In a survey of 500 motorists, just 35% of respondents believed that cameras were positioned only at serious crash sites, and only 42% believed that revenue raising was not the motive for using speed cameras.
Public approval for road safety cameras stands at 69%, compared to nearly 90% in 1999.
This may reflect the huge increase in the number of motorists caught speeding by cameras.
Among those surveyed, 28% said they, or a member of their household, had been 'flashed and fined' in the last three years, compared to 18% in 2002.
From April 2007, new road-safety funding for local authorities will be linked to lowering of death and injury rates. Until now, the practice of funding enforcement operations from motoring fines served to increase cynicism and reduce public support.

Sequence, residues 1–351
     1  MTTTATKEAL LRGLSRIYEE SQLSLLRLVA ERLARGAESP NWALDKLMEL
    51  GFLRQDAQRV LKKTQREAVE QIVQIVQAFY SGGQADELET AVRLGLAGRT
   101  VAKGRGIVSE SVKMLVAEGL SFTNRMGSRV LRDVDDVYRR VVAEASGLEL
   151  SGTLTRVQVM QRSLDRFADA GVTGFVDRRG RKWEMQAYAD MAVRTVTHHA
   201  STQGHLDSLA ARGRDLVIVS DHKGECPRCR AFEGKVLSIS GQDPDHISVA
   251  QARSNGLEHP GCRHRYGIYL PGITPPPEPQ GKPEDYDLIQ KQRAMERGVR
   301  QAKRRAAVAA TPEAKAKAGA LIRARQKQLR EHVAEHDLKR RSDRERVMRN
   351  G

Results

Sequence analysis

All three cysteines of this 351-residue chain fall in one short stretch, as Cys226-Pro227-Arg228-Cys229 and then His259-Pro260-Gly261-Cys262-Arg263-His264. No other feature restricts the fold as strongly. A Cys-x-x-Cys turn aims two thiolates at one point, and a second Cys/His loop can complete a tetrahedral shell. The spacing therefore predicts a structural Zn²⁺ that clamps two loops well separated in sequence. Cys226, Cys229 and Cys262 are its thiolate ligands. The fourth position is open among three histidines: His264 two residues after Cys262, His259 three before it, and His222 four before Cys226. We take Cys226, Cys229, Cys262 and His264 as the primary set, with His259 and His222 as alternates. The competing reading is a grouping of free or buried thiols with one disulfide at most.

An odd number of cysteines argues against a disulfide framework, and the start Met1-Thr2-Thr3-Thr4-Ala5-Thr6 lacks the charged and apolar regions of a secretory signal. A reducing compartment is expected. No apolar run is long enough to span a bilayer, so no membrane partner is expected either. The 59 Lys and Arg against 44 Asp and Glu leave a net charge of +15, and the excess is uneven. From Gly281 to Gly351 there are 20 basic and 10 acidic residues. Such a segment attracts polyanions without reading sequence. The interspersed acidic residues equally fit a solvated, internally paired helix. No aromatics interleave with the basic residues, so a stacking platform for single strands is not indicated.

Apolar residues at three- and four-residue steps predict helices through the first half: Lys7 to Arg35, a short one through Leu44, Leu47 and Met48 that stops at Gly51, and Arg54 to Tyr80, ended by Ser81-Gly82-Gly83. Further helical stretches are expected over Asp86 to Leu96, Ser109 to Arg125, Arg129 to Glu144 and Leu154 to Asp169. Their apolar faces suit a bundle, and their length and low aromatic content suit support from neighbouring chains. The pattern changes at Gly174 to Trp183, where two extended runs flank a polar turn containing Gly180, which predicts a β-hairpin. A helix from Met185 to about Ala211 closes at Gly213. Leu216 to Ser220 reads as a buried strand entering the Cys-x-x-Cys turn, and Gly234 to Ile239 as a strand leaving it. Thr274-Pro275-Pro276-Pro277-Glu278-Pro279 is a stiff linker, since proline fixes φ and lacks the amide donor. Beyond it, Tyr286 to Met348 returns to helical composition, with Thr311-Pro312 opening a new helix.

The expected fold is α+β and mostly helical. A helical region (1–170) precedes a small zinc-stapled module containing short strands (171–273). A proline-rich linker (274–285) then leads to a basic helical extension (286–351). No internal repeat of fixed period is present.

Kevin Delaney, head of road safety for the IAM Motoring Trust, said: ‘Breaking the link between enforcement and revenue should encourage local authorities to deploy the right countermeasure for each road safety problem, and use cameras only where they are the best tool for the job.
The Government must ensure that the new funding arrangements not only fulfil the prime aim of reducing death and injury but also convince cynical motorists that, when properly deployed, 'speed', cameras really are 'road safety' cameras.’